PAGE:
Thursday, April 16, 2015

Subban On Stone: No Ordinary Slash

In Game 1 between the Canadiens and Senators, PK Subban slashed Mark Stone sending the forward to the ice in obvious discomfort. Subban was assessed a major for slashing, which in turn calls for a game misconduct (I wrote about that here during the game because I was lonely).

As a result of the slash, Stone suffered a micro-fracture in his wrist together with ligament damage. Subban was not suspended for the slash.

Slashing is not an uncommon occurrence in the NHL. We see it repeatedly every game. It's part of the game and part of the culture.

Now to the hard part because I'm a diehard Habs fan. I love my Habs. I once pretended Jean-Jacques Daigneault was my father. I also pretended to lift André Racicot's spirits.

Subban's slash was no ordinary slash. At the time of the slash, the puck was nowhere near Subban or Stone. Erik Karlsson had the puck at the Habs blue line and Subban and Stone were in front of the net.

But puck location by itself is insufficient to characterize the Subban slash as crossing the line. Those types of slashes away from the play happen all the time. I was slashed by an old lady at the grocery store today while buying some milk. Again, it happens a lot.

The problem with the Subban slash is that it's more like a tomahawk chop. That together with the location of the puck makes the hit dangerous, reckless and frankly unacceptable.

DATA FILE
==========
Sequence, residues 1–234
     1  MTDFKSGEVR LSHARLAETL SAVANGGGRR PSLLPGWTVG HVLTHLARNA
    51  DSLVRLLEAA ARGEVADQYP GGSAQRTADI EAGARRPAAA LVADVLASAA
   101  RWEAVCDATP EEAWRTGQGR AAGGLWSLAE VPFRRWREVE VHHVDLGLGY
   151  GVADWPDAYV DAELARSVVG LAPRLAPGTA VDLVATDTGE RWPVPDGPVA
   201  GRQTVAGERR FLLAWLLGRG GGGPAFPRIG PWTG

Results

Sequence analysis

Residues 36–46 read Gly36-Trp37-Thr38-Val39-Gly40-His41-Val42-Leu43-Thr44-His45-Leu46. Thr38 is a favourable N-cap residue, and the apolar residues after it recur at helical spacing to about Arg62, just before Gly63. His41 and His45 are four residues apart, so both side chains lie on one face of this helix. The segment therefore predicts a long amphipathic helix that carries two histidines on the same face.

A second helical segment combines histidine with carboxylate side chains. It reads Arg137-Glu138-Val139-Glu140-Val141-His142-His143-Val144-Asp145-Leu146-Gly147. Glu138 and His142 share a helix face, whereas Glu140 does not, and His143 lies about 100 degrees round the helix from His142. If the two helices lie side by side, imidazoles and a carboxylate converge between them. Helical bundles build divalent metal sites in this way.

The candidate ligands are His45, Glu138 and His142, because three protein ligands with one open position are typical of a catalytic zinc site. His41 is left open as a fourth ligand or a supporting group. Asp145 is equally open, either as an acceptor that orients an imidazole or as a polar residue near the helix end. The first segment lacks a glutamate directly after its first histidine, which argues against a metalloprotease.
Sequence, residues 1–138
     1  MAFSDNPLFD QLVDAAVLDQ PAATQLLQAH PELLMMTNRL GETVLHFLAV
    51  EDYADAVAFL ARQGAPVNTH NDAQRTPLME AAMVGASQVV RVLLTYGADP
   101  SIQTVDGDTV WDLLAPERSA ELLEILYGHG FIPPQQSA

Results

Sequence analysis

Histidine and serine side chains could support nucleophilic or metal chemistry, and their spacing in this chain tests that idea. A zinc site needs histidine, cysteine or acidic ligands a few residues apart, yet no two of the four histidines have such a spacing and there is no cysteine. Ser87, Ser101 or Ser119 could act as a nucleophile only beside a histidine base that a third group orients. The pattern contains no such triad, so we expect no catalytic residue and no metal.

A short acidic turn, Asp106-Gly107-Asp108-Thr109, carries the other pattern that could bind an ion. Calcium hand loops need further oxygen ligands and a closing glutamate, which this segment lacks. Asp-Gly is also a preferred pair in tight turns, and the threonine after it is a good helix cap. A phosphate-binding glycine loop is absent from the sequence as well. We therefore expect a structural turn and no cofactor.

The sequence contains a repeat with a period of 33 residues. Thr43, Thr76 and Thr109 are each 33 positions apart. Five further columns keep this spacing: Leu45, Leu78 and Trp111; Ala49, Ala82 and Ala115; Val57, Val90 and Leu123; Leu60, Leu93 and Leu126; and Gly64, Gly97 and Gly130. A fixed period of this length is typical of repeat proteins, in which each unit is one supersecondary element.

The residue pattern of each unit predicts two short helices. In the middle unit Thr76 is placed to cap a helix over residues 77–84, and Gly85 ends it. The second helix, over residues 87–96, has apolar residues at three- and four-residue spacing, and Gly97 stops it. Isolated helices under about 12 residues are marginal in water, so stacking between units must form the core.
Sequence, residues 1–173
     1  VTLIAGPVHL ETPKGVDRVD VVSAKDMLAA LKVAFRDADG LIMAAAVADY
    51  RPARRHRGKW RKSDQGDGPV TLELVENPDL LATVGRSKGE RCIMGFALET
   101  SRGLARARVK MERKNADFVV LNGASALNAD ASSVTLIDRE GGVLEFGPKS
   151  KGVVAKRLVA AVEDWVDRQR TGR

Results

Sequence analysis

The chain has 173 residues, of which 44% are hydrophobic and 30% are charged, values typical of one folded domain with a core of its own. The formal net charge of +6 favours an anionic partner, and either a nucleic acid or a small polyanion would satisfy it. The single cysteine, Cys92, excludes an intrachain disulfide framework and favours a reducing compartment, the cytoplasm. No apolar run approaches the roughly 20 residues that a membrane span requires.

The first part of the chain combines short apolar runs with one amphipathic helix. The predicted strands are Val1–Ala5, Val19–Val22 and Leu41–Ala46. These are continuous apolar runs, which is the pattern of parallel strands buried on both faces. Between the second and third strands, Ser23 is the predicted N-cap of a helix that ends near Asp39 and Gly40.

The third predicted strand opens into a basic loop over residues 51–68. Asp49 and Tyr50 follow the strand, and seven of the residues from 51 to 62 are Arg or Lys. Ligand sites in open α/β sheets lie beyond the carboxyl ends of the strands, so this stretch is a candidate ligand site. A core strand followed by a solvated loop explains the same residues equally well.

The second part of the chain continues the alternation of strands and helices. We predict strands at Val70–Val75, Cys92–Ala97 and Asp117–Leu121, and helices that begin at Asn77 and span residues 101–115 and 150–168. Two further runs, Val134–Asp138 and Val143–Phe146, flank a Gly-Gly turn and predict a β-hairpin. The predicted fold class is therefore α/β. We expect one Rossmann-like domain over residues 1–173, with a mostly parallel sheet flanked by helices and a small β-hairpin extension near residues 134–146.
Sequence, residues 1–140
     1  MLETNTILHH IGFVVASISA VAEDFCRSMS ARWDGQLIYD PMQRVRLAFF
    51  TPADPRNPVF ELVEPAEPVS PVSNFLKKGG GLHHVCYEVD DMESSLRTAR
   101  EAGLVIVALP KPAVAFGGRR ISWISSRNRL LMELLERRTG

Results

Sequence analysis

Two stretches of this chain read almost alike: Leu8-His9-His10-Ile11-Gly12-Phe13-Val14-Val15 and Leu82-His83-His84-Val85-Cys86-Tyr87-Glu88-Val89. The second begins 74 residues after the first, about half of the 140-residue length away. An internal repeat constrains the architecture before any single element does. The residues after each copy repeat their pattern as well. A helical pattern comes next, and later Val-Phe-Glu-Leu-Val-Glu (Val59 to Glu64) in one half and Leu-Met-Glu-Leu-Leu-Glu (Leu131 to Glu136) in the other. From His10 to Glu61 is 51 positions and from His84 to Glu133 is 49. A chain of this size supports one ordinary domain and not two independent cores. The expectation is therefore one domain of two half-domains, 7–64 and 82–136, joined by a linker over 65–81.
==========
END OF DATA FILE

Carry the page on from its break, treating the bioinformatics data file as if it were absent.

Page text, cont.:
Look for yourself:

Subban rears back with his stick and chops down on Stone. This isn't hockey. I'm sorry.

For a Habs fan, Subban's actions are gravely disappointing. This is a person who would have welcomed the captaincy of the Canadiens. This entire incident - from the slash that put his team a man down for 5 minutes to the half-dressed tantrum he threw after being tossed - suggests he still has some maturing to do. This is not how leaders behave. If Subban wants to be a captain one day, he needs to act like a professional.

By way of full disclosure, I am a big Subban fan. Subban is a spectacular and gifted defenceman. He’s a terrific skater, has a great shot, is physical, has great vision and is clutch. In short, Subban is pretty special. I wrote about it here

That being said, Subban can do better - and he will do better.

Now on to the absence of a suspension. For me at least, the snapshot above clearly demonstrates that this was no ordinary slash. Subban's actions, in my view, are suspendable. And let's not get distracted by intention, which is too often misapplied. So long as Subban intended to slash Stone, he is responsible for the harm that follows. That is a basic legal principle.  The other issue of intent - whether Subban intended to injure Stone - is a separate consideration that has the effect of increasing a suspension (and not vacating it altogether).

Subban intended the slash, and by extension, is responsible for the harm that followed - Stone's broken wrist. Yes, a suspension is warranted.

It is not difficult to understand why Subban escaped suspension. The hockey culture has indulged similar behavior in the past. It's part of the game so to speak.

The problem is that it shouldn't be. As a result of a reckless and ill-conceived slash, hockey fans will either be deprived of watching the likely Calder trophy winner play, or best case scenario, will get a watered down version. That's a damn shame, particularly for a team that had an unprecedented and historic run just to get into the playoffs.

The league should be protecting its players from unnecessary injuries.

This isn't good for the game.

And a suspension would have sent that very message.

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